of comfort, care and understanding essential for a complete physician-patient
Two fundamental components of our educational philosophy are,
first, that principles of problem understanding and management are more important
than retention of isolated facts, and second, that learning is facilitated by
the presence of the patient. Thus, we correlate principles of basic science
with presentation of the patient in the first two years, teach clinical medicine
by utilizing real patient problems, and emphasize teaching at the bedside and
in the clinic whenever possible. These methods enhance the base of meaningful
knowledge that can be readily recalled and applied. The School is also committed
to small group and individual teaching in which interaction between student
and faculty can be maximized.
The degree of Doctor of Medicine is conferred by the University
of Virginia upon candidates who have complied with the entrance requirements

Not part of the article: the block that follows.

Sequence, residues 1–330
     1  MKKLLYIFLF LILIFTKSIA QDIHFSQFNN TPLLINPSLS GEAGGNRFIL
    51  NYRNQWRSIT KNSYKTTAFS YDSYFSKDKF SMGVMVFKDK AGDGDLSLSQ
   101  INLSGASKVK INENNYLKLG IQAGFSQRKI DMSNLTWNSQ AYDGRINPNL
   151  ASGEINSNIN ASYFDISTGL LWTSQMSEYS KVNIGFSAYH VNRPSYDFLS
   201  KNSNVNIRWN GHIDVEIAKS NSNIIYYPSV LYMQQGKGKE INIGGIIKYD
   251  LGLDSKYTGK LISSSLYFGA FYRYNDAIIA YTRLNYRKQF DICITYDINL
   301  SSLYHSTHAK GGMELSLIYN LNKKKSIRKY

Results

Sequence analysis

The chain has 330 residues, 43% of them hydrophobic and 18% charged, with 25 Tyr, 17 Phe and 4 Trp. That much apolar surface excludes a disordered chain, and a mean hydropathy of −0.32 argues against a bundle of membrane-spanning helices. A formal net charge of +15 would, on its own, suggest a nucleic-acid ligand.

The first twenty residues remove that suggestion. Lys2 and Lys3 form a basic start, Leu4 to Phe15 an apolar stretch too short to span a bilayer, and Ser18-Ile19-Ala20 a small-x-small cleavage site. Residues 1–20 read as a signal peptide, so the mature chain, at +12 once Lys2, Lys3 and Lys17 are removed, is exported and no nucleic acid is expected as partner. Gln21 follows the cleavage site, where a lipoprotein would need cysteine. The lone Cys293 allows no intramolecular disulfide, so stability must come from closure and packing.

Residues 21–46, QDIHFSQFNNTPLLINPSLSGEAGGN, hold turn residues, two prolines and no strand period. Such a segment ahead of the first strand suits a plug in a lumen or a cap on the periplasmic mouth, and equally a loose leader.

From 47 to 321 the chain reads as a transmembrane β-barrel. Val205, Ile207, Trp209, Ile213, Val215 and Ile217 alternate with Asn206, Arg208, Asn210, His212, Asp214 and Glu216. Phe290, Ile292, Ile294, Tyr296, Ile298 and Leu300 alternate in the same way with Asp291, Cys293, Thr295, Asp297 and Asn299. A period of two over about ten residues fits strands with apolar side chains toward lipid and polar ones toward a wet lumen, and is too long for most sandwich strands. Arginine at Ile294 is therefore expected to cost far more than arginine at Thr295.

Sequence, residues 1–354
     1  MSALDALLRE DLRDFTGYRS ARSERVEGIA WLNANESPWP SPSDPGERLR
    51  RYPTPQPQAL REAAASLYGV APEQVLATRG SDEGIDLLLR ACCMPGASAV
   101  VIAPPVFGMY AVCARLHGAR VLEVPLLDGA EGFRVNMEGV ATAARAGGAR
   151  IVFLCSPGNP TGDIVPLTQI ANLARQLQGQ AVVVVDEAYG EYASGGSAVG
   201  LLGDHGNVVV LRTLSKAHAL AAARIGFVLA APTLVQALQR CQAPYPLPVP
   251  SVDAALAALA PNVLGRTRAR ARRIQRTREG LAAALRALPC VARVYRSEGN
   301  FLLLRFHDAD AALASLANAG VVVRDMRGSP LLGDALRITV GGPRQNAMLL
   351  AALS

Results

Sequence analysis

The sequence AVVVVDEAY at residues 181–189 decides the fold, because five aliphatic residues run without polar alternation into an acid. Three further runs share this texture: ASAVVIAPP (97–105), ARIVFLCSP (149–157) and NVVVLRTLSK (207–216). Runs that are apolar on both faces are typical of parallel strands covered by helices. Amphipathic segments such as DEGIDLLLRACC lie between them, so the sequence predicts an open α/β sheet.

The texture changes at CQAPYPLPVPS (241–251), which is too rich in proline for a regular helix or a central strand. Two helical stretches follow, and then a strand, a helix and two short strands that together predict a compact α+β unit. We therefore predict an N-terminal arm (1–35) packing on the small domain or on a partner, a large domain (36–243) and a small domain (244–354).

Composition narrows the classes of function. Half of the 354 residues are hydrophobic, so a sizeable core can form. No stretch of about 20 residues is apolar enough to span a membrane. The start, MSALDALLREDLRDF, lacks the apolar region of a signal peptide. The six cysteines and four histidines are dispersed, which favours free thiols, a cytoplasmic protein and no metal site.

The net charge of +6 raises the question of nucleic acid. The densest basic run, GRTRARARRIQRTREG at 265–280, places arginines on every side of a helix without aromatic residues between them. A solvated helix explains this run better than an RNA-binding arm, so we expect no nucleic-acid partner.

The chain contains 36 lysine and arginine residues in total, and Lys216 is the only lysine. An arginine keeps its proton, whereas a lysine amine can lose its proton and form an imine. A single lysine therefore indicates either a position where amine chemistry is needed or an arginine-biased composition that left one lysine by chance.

of this School and satisfactorily completed the subjects included in the medical
Candidates for the degree of Doctor of Medicine must have completed
the full course of study for this degree and must be certified by the faculty
as having successfully met all of the criteria. These include satisfactory completion
of the preclinical courses of the first two years, 52 weeks of required clinical
clerkships, and 28 weeks of electives. In addition, the student must take and
pass Step 1 and Step 2 of the United States Medical Licensing Examination (USMLE).